Olympic champion Alexander Dyachenko and four other Russian canoeists have been barred from competing at the Rio de Janeiro Olympics after being named in a recent report alleging a state-sponsored doping cover-up.
The International Canoe Federation said Tuesday that the five were mentioned in World Anti-Doping Agency investigator Richard McLaren's report last week, which specifically detailed how Russian state officials allegedly intervened to cover up hundreds of failed drug tests.
"This is a bitter blow for the Olympic movement and we are saddened that our sport in implicated," ICF general secretary Simon Toulson said in a statement. "The ICF will continue its strong zero-tolerance stance and remove all athletes that contravene its rules in anyway ... If you step out of line you won't make the start line."
Comic Sarah Silverman joined Sen. Al Franken Monday night to urge Democratic National Convention delegates to unite — then stirred up Bernie Sanders die-hards with some choice words: "To the Bernie or bust people, you're being ridiculous."
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First came the hack, then the leak. Now, the Clinton and Trump campaigns are fighting over Russia's role in the release of thousands of internal Democratic National Committee emails.
At least one thing is clear: The email uproar is an unwelcome distraction at the launch of the Democratic National Convention, inflaming the rift between supporters of Hillary Clinton and primary rival Bernie Sanders just when the party was hoping to close it.
As the Philadelphia convention got underway Monday, developments in the email story rolled out in rapid sequence.
Senators Bernie Sanders and Elizabeth Warren took the stage at the Democratic National Convention Monday night, two liberal firebrands speaking amid tumult that exposed deep tensions between the party's left wing and its center.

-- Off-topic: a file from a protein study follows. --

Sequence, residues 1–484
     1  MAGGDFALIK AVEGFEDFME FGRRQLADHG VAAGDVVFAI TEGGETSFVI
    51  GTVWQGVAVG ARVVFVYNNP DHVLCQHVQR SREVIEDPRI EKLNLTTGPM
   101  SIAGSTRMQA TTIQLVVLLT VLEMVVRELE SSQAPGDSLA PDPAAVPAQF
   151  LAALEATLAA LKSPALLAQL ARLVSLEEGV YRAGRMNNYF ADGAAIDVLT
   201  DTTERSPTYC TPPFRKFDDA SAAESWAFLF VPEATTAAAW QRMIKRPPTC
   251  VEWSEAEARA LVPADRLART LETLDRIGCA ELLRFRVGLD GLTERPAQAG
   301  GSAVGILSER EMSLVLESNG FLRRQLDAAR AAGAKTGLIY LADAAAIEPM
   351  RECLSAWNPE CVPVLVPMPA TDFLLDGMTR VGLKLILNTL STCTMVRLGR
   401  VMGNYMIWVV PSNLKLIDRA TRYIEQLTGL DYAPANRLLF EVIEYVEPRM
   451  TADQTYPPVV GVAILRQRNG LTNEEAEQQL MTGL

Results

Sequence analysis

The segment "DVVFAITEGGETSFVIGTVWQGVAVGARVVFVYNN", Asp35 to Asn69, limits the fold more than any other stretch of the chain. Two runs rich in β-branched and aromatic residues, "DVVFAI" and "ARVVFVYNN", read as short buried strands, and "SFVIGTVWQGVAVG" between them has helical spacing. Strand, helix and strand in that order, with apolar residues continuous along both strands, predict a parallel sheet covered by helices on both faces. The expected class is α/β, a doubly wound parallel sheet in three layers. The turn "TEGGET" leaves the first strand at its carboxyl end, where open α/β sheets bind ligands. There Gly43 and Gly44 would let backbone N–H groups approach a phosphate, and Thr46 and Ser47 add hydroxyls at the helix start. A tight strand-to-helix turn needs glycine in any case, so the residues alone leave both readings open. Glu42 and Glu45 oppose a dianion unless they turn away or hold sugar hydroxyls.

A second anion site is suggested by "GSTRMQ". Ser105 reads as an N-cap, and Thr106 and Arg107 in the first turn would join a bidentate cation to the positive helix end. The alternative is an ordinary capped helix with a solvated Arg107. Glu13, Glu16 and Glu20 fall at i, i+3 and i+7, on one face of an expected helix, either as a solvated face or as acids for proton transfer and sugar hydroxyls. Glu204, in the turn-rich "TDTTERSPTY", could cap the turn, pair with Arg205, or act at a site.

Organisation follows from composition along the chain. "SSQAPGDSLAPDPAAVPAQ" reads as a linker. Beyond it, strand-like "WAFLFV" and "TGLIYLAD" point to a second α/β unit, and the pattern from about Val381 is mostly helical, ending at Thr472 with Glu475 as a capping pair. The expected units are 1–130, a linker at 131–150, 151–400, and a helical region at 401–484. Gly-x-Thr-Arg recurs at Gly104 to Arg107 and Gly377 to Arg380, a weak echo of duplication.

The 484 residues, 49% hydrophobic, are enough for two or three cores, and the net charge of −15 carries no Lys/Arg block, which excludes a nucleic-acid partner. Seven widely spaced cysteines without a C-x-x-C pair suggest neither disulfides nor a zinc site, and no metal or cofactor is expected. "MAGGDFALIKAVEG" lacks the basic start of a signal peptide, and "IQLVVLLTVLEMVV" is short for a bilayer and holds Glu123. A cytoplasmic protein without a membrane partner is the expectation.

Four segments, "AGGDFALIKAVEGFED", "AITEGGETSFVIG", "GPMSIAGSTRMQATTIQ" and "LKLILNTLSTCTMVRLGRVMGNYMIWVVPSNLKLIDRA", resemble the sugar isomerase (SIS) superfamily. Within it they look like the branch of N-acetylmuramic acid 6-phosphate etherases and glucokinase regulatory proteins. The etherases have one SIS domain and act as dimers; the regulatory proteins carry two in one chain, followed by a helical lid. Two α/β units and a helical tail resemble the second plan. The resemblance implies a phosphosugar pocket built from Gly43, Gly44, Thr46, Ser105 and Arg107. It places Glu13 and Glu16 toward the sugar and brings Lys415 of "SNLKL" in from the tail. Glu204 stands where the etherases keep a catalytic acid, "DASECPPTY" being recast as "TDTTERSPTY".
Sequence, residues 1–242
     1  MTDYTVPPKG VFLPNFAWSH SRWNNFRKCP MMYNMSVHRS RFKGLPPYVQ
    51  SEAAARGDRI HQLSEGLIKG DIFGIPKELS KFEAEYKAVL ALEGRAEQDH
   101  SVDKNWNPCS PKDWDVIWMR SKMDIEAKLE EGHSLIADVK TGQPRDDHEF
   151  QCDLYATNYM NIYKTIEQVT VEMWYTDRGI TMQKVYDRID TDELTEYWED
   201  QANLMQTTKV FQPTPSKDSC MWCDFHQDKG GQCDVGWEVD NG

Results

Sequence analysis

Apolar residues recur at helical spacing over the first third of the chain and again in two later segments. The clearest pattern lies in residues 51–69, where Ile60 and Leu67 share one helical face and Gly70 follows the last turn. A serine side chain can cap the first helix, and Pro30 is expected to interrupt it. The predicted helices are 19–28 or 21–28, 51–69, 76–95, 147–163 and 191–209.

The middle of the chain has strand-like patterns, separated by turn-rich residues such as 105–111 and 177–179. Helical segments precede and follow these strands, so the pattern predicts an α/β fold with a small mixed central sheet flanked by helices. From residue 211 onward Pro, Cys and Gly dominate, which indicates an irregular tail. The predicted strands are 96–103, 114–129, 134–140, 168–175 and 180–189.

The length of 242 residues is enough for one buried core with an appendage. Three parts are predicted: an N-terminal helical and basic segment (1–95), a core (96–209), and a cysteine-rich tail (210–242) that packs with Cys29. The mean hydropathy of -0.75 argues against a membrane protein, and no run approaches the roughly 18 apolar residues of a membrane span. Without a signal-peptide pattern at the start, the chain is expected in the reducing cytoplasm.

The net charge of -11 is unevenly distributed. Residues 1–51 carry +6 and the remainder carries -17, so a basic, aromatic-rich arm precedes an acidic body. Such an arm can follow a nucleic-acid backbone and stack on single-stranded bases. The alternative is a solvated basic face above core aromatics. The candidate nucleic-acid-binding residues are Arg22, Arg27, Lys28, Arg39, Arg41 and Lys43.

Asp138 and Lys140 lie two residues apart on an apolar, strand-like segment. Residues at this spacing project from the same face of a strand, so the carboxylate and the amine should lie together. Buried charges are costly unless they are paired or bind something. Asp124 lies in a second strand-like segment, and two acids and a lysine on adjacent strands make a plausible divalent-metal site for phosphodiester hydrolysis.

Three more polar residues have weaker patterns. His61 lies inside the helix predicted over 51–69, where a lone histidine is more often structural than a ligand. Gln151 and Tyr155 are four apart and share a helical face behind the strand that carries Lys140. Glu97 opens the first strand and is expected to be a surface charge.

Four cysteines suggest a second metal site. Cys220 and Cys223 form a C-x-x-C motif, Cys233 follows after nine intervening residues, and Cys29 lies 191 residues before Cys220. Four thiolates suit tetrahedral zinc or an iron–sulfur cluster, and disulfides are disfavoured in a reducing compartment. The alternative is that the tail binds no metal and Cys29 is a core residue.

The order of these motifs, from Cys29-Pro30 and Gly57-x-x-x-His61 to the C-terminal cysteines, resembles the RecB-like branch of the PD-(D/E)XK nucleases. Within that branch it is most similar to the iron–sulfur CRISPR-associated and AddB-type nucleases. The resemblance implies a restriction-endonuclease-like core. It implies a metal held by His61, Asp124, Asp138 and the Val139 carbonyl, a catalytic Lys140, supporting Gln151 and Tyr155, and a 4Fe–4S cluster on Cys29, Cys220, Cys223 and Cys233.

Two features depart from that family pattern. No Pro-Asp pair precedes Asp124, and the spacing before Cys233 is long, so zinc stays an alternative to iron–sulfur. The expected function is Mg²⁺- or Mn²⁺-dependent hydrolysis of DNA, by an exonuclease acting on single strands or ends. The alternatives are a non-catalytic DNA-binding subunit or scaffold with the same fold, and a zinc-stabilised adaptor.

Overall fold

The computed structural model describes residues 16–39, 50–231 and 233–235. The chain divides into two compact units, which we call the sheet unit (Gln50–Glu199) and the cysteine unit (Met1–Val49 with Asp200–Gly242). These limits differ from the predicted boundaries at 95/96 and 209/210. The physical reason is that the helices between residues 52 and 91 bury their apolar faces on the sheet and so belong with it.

Sanders' followers greeted him with a lengthy ovation, and he thanked them in a speech in which he was expected to back Hillary Clinton, his opponent in the sometimes bitter primaries. Acknowledging the disappointment his supporters felt, he urged them to vote for Clinton anyway.
"Hillary Clinton will make a great president and I am proud to stand with her tonight," he said, concluding remarks that went on at length about what qualified her to be president over Donald Trump.
Historians of the presidential horse race have plenty of mud to wade through, from Watergate to railroad bribery, and plenty of sex scandals in between.
But this year's election offers something new: Donald Trump appears to be the first nominee of a major political party in modern memory to be the subject of ongoing litigation, according to presidential experts.
"I don't know of any other litigation involving a major candidate for election," Columbia University scholar Henry F. Graff told NBC in an email, when asked about the fraud lawsuit over Trump University that's set to be heard in November.
Two suicide bombers detonated explosives-laden cars on Tuesday outside the U.N. Mine Action Service offices and a Somali army checkpoint in Mogadishu, killing 13 people, including seven U.N. guards, Somali police officials said.
The two blasts took place near the African Union base, Somali police chief Gen. Mohamed Sheikh Hassan said at a press conference.
Somalia's Islamic extremist rebels, al-Shabab, claimed responsibility for the bombings, according to the group's Andalus radio station.
Unlike previous attacks by al-Shabab, which is linked to al-Qaida, gunmen did not accompany the suicide bomber, said police Capt. Mohamed Hussein.
Flora fans will get a rare chance to see -- and smell -- a rare occurrence this week at the New York Botanical Garden.
The NYBG announced that the its Amorphophallus titanum, also known as the corpse flower, is expected to bloom on Tuesday after more than 10 years of growth.
It was originally expected to start blooming on Saturday and then Monday, but it's now believed that it will open up and emit its ferocious smell at any moment Tuesday.
It'll be the first time that the flowering plant, known for its deep burgundy petals and corpse-like smell, will bloom on display since 1939.
NBC 5 News
A North Texas girl is taking her cancer fight to Washington, D.C.